Bureau of Customs: The Bane of our Progress

I know that most of you has now heard of the “Book Blockade” where our dear Finance Undersecretary Espele Sales has realized that for a freaking half-a-century, everyone has misinterpreted the Florence Agreement and that she alone after all those time got it right. With her interpretation, only books “used in book publishing” were tax-exempt. They added that if we want a book to be tax-exempt, it should be in DECS list of educational books. If not, then too bad. So of course, more taxes means higher prices for imported books.

It is also common knowledge that if you want to buy cheap (like up to 50% cheaper) electronic products, you’d have to go to Singapore or Hong Kong. In fact, it is actually much cheaper to buy tickets to go to Singapore, buy a Laptop and Mobile phone, and go back here than buying the 2 devices of the same model here. If you ask the retailers about why the price is high, most of them blames one thing. High customs due.

Both cases shows that we have been purchasing imported goods at a higher price, compared to some of our fellow south-east Asian nation, because of our Bureau of Customs. Our government has been so proud of our growing IT industry and takes credit for it, but not only were they no help, they were even a hurdle. IT Books are already expensive, ranging from at least 400 pesos up to 2,000 pesos and that is before Sales’ interpretation of the Florence Agreement. Imagine how much it would cost if it wouldn’t make the DECS’ list of educational books.

The Bureau has 2 things for their defense. One is that the government needs the revenue. Two, they help promotes purchasing of locally made products. On the first reason, except for the rampant corruption in this administration, I have nothing against it. On the second reason, well, I have a few things to say. First of all, we don’t publish IT books, if we do, I have not seen one. We also do not make laptops and cellphones and other electronic gadgets. In my opinion, if we are importing items that has no locally made counterpart, then we should be thankful for getting them and not burden them with heavier taxes. Secondly, we are in the internet age, preventing us from getting imported books doesn’t result to us buying locally made books. We would buy the books that we want, whether it’s local or imported. And if we can’t get them from a bookstore then we’ll buy one online, or well, thepiratebay.org also helps should we get really desperate.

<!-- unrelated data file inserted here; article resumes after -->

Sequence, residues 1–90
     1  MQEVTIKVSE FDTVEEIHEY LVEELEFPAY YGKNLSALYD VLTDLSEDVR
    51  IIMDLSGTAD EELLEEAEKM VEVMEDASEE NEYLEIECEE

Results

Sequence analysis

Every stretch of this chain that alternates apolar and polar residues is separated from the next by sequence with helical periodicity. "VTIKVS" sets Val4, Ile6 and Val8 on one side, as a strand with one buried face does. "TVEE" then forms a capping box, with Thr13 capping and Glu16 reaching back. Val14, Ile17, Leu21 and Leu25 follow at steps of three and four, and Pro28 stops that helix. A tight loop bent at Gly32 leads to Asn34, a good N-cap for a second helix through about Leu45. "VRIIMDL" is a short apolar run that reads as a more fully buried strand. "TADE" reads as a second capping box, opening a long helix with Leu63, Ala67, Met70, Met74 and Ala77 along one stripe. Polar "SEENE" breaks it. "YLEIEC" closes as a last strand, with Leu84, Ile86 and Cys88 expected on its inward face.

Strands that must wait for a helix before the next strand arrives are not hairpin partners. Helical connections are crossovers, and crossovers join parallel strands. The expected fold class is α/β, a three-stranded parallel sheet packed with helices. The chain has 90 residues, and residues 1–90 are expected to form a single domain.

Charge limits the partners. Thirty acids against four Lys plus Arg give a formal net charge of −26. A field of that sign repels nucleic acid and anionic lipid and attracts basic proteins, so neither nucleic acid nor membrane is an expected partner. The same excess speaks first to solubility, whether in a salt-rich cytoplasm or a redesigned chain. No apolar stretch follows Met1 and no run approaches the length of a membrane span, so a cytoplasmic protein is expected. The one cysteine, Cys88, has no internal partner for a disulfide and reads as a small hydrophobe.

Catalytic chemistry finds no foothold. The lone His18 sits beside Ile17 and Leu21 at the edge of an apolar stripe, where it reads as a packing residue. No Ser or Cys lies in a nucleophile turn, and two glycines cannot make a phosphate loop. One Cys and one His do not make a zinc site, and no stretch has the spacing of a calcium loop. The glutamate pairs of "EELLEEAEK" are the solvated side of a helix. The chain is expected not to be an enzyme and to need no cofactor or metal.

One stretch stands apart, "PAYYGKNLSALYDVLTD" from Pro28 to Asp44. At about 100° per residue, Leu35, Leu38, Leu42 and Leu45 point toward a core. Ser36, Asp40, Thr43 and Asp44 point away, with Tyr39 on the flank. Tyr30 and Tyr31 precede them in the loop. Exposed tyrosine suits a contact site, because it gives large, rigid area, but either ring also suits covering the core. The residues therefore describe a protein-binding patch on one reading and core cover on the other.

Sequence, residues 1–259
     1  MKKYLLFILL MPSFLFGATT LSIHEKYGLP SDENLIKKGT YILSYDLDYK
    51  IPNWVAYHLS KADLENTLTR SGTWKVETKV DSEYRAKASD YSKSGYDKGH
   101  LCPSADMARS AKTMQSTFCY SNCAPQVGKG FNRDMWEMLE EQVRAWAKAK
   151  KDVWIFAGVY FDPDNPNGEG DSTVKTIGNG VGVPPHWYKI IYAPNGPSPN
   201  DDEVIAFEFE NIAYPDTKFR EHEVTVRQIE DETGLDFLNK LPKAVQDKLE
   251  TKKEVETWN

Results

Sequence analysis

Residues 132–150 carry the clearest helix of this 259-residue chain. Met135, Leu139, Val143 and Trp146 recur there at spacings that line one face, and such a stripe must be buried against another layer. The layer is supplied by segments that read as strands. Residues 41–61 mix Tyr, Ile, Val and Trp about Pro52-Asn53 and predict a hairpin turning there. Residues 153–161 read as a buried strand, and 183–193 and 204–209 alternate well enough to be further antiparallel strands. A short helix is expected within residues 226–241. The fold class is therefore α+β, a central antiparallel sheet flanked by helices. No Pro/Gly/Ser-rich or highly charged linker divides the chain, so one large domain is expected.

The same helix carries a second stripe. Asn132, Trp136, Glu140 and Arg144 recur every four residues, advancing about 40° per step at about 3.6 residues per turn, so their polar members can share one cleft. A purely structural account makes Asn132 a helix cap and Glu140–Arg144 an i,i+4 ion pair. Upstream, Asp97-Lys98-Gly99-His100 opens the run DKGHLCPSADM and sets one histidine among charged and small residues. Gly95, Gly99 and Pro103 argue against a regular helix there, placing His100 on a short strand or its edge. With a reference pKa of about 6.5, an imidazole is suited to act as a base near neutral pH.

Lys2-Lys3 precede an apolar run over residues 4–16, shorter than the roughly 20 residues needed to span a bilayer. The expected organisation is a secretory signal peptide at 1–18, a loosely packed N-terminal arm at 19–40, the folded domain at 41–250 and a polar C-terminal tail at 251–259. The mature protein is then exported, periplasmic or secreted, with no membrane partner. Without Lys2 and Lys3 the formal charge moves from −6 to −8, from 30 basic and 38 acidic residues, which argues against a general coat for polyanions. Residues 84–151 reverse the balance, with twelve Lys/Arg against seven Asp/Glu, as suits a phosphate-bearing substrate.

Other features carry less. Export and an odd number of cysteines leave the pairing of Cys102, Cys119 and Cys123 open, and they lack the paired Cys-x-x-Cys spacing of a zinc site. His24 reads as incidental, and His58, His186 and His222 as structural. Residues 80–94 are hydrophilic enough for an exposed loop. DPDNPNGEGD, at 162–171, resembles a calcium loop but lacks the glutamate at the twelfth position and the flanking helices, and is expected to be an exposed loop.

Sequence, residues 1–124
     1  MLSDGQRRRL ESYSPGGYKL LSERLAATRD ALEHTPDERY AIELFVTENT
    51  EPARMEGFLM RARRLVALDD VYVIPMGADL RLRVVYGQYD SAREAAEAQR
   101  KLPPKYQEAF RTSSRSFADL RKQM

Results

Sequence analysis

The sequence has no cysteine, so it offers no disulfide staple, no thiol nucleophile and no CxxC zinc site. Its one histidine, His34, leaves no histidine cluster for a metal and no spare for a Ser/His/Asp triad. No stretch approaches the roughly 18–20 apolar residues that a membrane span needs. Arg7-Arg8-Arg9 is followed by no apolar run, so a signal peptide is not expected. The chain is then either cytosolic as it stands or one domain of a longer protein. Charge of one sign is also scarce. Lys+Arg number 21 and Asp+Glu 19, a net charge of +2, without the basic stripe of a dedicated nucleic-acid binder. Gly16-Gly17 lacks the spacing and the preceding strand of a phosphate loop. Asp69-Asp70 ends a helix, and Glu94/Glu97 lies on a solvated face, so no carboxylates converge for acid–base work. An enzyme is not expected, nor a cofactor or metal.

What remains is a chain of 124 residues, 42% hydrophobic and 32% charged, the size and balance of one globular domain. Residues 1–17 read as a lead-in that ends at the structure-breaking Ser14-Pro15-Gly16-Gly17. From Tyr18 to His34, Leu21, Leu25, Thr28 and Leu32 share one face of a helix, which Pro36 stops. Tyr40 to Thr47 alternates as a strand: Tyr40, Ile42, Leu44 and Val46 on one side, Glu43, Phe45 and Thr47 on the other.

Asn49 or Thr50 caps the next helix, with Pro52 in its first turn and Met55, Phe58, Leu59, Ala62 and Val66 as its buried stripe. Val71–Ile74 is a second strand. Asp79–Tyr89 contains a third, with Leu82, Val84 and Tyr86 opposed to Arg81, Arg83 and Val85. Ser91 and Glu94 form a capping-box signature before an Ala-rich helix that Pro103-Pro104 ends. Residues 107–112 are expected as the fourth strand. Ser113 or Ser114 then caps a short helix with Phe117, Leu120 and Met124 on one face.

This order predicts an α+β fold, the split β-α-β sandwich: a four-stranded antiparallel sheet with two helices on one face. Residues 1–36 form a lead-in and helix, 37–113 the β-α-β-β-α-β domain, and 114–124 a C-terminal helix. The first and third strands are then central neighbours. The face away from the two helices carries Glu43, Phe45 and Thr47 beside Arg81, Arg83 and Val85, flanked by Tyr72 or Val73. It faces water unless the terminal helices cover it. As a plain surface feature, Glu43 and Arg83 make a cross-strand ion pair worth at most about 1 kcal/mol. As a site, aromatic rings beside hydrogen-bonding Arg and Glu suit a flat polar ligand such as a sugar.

All in all, what this insane custom taxes accomplishes nothing but making it hard for Filipinos to progress in their technical knowledge.


About Squared
House of Squared is written by that guy who knows more than the average Duterte supporter, which isn't saying much given that most of them are morons.

3 Responses to Bureau of Customs: The Bane of our Progress

  1. bonsai says:

    hear hear! malaking kalokohan. delayed na nga ang dating ng books dito (kahit novels lang), tipong sa ibang bansa paper back na dito hard bound pa rin tas gusto niyo pang taasan ang tax? wtf! sana mabutas din ang mga bulsa ng corrupt officials. ng sa ganun, gumaan-gaan naman ang buhay ng mga pilipino.

  2. Renz says:

    I wholeheartedly agree with your sentiments. Amen. They should abolish those foolish taxes. Good thing branded laptops and mobile phones centralized their repair centers to avail of international warranties.

  3. Pingback: The Great Book Blockade of 2009: Timeline and Readings (Victory edition!) : Manuel L. Quezon III: The Daily Dose

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